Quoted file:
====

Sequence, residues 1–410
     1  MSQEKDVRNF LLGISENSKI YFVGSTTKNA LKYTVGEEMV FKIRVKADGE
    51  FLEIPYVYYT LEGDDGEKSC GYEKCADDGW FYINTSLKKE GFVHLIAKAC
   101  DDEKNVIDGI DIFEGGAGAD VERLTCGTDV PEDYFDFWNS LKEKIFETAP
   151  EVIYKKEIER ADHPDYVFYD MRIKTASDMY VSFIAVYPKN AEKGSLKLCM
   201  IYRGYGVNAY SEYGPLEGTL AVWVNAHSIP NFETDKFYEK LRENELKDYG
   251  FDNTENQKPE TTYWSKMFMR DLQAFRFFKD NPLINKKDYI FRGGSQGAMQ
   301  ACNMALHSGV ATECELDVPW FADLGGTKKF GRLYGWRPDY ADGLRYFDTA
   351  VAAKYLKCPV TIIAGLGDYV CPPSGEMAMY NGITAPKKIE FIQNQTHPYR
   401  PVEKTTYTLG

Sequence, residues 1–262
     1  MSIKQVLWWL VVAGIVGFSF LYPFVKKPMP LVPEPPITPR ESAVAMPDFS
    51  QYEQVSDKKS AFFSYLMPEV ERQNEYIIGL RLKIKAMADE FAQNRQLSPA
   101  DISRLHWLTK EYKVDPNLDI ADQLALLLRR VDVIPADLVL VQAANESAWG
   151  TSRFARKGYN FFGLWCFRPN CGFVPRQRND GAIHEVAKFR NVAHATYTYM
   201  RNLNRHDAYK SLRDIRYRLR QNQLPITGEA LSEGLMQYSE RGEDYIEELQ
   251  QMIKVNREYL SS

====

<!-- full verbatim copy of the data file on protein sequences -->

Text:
Sequence, residues 1–410
     1  MSQEKDVRNF LLGISENSKI YFVGSTTKNA LKYTVGEEMV FKIRVKADGE
    51  FLEIPYVYYT LEGDDGEKSC GYEKCADDGW FYINTSLKKE GFVHLIAKAC
   101  DDEKNVIDGI DIFEGGAGAD VERLTCGTDV PEDYFDFWNS LKEKIFETAP
   151  EVIYKKEIER ADHPDYVFYD MRIKTASDMY VSFIAVYPKN AEKGSLKLCM
   201  IYRGYGVNAY SEYGPLEGTL AVWVNAHSIP NFETDKFYEK LRENELKDYG
   251  FDNTENQKPE TTYWSKMFMR DLQAFRFFKD NPLINKKDYI FRGGSQGAMQ
   301  ACNMALHSGV ATECELDVPW FADLGGTKKF GRLYGWRPDY ADGLRYFDTA
   351  VAAKYLKCPV TIIAGLGDYV CPPSGEMAMY NGITAPKKIE FIQNQTHPYR
   401  PVEKTTYTLG

Sequence, residues 1–262
     1  MSIKQVLWWL VVAGIVGFSF LYPFVKKPMP LVPEPPITPR ESAVAMPDFS
    51  QYEQVSDKKS AFFSYLMPEV ERQNEYIIGL RLKIKAMADE FAQNRQLSPA
   101  DISRLHWLTK EYKVDPNLDI ADQLALLLRR VDVIPADLVL VQAANESAWG
   151  TSRFARKGYN FFGLWCFRPN CGFVPRQRND GAIHEVAKFR NVAHATYTYM
   201  RNLNRHDAYK SLRDIRYRLR QNQLPITGEA LSEGLMQYSE RGEDYIEELQ
   251  QMIKVNREYL SS